WASHINGTON — Democratic Party voters will have their pick of millionaires in next year's presidential elections -- including John F. Kerry, who appears to be the richest man in the Senate, judging from personal financial disclosure reports filed here Friday.
But there's also U.S. Rep. Dennis J. Kucinich, the Ohio Democrat who brings up the financial rear among the nine Democratic presidential hopefuls.
His wealth hovers somewhere between $2,000 and $32,000.
"Clearly, there is not much money to be made being of the people, by the people and for the people," said Kucinich's press secretary, Doug Gordon.
Yet the party that has prided itself on being the people's party has more millionaires in the hunt for its presidential nod than ever before.
Several analysts said that wealth alone could present an image problem for the Democrats. "It gives the perception that they're detached from a normal person's life," said Larry Noble, director of the Washington-based Center for Responsive Politics. "It's fair to ask how in touch these people are with the average citizen.
"But it does take a lot of money to run for office, and traditionally it's mostly the wealthy who can run for president," Noble said. "Who's going to be able to take that much time off of work?"
There's no contest for the wealthiest of those Democratic hopefuls, according to the reports of personal assets and income released by the U.S. Senate on Friday and similar documents on file with the Federal Election Commission.
Kerry, of Massachusetts, reported assets of at least $165 million and possibly as much as $626 million, although he married into most of it when he wed the heiress of the Heinz ketchup fortune.
He also reported joint income last year ranging from $94 million to $160 million.
Federal law bars Kerry from drawing on the vast investment wealth held solely by Teresa Heinz Kerry, which apparently includes some of the balance sheet of stocks, bonds and other assets that fills some 80 pages in Kerry's Senate disclosure report. The reports do not make clear how much of the couple's wealth is shared.
The candidate is a millionaire in his own right, and some analysts said that status could weigh on the Democratic Party's ability to attack the Republicans as the party of the rich.
"It's baggage in that it's going to temper their rhetoric," said Charles Lewis, head of the Washington-based watchdog group Center for Public Integrity.
"It's going to be harder for the Democrats to demonize [President] Bush and [Vice-President Dick] Cheney as being the champions of the rich if they have a standard-bearer who's worth hundreds of millions of dollars," he said.
Lewis added: "That's why some critics are saying the Democratic Party has lost its soul."
Kerry's aides insist their candidate hasn't, and that his riches will not influence the campaign.
"There will always be cynics who simply judge a book by its cover," said Robert Gibbs, Kerry's campaign spokesman. "But any reasonable examination of John Kerry's work in public service shows a record of fighting for working families on issues like education, health care and creating jobs."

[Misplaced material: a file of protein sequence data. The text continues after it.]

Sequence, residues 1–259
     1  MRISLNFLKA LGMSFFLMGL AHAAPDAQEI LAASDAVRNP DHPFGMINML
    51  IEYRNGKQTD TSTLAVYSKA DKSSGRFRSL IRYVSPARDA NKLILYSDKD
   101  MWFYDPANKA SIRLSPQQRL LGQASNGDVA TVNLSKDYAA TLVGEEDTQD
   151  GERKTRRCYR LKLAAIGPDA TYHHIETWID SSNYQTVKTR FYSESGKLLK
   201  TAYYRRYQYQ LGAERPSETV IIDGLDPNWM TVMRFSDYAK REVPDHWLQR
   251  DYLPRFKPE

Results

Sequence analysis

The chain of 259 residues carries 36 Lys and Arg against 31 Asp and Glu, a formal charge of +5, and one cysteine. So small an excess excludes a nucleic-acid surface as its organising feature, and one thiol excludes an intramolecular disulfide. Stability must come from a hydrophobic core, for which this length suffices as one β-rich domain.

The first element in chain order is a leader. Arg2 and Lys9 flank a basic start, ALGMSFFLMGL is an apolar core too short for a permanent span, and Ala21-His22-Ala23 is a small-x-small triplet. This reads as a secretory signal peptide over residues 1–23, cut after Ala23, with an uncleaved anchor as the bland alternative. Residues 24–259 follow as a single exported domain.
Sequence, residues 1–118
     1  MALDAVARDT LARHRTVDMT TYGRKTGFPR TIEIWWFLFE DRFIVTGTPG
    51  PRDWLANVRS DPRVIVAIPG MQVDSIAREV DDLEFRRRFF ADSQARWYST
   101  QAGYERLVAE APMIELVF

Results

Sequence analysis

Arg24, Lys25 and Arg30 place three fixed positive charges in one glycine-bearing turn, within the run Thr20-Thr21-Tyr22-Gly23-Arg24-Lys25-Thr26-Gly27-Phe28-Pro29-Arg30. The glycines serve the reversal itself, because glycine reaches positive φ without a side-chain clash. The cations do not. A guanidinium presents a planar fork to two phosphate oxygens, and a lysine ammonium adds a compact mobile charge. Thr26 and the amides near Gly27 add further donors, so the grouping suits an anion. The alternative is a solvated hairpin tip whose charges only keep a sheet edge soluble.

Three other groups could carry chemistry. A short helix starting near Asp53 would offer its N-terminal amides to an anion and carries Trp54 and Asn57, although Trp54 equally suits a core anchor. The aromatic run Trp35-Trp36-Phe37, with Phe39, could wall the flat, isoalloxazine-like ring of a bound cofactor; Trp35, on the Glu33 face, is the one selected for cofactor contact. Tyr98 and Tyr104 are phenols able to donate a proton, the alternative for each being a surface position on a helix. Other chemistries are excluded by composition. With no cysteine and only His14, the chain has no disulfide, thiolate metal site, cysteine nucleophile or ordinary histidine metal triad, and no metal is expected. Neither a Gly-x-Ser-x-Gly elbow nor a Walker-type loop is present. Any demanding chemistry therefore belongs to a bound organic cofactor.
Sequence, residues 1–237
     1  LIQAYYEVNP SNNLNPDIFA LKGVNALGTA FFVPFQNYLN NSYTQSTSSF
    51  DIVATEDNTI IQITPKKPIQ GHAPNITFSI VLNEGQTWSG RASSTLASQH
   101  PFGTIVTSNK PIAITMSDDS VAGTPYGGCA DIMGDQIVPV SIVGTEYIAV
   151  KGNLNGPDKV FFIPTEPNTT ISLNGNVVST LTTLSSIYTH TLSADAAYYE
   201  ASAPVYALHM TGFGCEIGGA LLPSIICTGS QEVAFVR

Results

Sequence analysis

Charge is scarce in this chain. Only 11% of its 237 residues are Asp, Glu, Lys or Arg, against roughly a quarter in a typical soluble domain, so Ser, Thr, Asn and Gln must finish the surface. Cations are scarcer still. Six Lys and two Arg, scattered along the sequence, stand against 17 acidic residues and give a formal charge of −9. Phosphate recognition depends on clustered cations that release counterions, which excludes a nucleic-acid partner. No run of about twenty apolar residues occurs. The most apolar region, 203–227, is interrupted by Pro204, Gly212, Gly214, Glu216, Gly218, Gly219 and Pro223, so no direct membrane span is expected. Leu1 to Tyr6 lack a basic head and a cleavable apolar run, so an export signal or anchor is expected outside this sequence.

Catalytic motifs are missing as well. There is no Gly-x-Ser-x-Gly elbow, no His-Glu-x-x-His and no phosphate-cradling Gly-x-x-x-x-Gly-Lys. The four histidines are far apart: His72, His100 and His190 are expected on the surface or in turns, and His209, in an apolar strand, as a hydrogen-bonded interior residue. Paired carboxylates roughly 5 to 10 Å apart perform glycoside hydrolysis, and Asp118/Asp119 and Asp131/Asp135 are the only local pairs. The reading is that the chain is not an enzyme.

Kerry is hardly alone in the party's multimillionaire candidates' club.
It also includes Sen. John Edwards of North Carolina, who reported assets amassed largely from his law practice that range from $12.9 million to $59.8 million, according to his disclosure form made public Friday. In addition, Edwards reported between $1 million and $2.2 million in income last year.
Also among the millionaires is Florida's Sen. Bob Graham, whose wealth ranges from $7.7 million to $31.6 million, according to the disclosure reports.
Under the federal disclosure laws that require these reports, candidates and officeholders only need to provide broad ranges of the value of their assets and income.
But former Vermont Gov. Howard Dean, the fourth millionaire in the Democratic presidential field, went a step further in his filings with the FEC. He gave an exact figure for his total assets. Dean said that excluding his home, he's worth $4,239,000.
Some of the candidates, such as Sen. Joseph I. Lieberman of Connecticut, also have released their latest tax returns. Lieberman and his wife showed a combined 2002 net income of $334,395. His disclosure report pegs their combined assets at anywhere from $377,000 to $1.5 million.
The disclosure reports released Friday did not include one for candidate Rep. Richard A. Gephardt of Missouri, who is to report Monday with other members of the House of Representatives.
But Gephardt has told the FEC that his assets range from $158,000 to $495,000.
Carol Moseley Braun, the former senator from Chicago who also is making a run at the presidency, reported assets ranging from $127,000 to $381,000.
The Democratic Party's only declared candidate who has yet to officially disclose his personal finances is the Rev. Al Sharpton.
The New York City activist requested and received an extension until June 30.
Sharpton's attorney, Stanley Schlein, said a fire at his client's office last winter destroyed personal documents and slowed the process of assessing Sharpton's wealth.
Times researcher Christopher Chandler in the Washington Bureau contributed to this report.